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Lord Shepherd: My Lords, the noble Baroness applauds it but did it not, in effect, abolish the right of hereditary Peers to vote?

Baroness Young: My Lords, I entirely accept what the 1968 proposals did. I was not in the House at that time. But my colleagues who were here supported the agreement and supported it consistently. However, it was preceded by general discussion and agreement, which is what my noble friend Lord Cranborne has been proposing all along. It was lost not by the House of Lords but by the House of Commons. That is the danger of any stage two reform.

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Perhaps I may make my own credentials clear. During the 1970s, when we were in opposition, I served on a working party under the chairmanship of the late Lord Home to look at reform of the House of Lords. We produced a report which proposed not only a total reform of the House of Lords but also a number of subsidiary smaller reforms. I stand by those today.

There is an extremely genuine willingness to look at reform. I do not normally talk about this, but I was the first woman Leader of the House. At that time, I made a number of proposals. I should say to the noble Baroness, Lady Jay, that if she compares the lot of women in this House with that of women in the House of Commons, she will see how much better women do here. Whatever one may say about the multitude of masculine hereditary Peers, they have never prevented women taking top jobs. Women have held all the top jobs in the House of Lords under both Conservative and Labour governments--something of which we should be proud. So there is a lot to be said for the opportunities that women have in this House as opposed to the House of Commons.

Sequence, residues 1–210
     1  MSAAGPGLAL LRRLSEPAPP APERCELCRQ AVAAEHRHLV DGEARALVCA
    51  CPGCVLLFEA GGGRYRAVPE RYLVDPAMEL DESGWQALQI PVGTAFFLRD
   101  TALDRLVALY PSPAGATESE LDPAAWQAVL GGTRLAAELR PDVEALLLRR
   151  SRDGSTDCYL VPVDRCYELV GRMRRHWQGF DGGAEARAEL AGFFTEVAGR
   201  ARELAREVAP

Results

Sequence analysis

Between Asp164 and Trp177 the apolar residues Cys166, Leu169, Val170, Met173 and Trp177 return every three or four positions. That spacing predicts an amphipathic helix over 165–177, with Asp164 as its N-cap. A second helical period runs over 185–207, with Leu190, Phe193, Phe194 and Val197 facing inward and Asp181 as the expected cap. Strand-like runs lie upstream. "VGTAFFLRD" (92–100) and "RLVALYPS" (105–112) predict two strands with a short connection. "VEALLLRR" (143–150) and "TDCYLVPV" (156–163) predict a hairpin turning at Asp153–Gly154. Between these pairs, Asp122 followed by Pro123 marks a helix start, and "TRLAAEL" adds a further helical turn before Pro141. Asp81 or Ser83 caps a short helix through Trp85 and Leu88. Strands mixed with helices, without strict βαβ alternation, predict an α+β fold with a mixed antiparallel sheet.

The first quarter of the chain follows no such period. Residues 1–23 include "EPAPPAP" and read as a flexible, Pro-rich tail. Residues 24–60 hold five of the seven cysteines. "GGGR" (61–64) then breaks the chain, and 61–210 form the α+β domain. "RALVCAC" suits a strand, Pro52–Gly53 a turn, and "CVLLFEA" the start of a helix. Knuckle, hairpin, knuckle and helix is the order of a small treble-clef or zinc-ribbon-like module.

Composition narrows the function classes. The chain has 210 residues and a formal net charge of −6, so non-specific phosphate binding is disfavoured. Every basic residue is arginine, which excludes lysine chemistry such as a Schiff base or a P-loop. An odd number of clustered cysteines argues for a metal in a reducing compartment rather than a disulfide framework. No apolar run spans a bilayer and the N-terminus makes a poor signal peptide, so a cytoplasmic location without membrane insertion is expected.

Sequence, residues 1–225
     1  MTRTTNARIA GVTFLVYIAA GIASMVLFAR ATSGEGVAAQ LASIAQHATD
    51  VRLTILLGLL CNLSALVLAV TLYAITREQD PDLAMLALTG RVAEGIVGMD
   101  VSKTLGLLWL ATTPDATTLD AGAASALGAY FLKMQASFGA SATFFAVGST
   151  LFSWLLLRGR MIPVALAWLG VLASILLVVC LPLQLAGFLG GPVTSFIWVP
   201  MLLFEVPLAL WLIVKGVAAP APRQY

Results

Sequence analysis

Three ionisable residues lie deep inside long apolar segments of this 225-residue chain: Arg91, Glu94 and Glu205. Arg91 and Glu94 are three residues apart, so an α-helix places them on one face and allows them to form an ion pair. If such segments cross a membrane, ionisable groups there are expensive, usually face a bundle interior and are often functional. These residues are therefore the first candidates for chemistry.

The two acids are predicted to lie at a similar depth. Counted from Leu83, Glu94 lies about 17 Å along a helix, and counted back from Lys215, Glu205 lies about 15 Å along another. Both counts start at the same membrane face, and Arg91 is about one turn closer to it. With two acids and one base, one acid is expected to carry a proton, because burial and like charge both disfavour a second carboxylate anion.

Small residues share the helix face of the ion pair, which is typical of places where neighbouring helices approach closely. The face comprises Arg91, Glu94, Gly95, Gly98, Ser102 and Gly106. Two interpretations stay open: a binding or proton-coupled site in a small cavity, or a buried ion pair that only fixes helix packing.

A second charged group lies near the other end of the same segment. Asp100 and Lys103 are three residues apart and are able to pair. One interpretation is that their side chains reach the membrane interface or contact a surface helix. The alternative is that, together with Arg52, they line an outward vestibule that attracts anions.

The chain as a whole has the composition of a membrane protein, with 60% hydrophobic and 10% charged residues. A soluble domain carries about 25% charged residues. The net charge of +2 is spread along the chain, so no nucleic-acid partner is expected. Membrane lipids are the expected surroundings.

There have been three reforms of your Lordships' House since 1945 which have worked and which have carried all-party support. In 1949 it was action to reduce the delaying power and in 1958 the introduction of life Peers, a Conservative Party reform under the late Lord Stockton when he was Prime Minister. There followed the reforms of 1963. All were seen at the time as relatively small reforms but they have had large and, to a certain extent, unexpected success.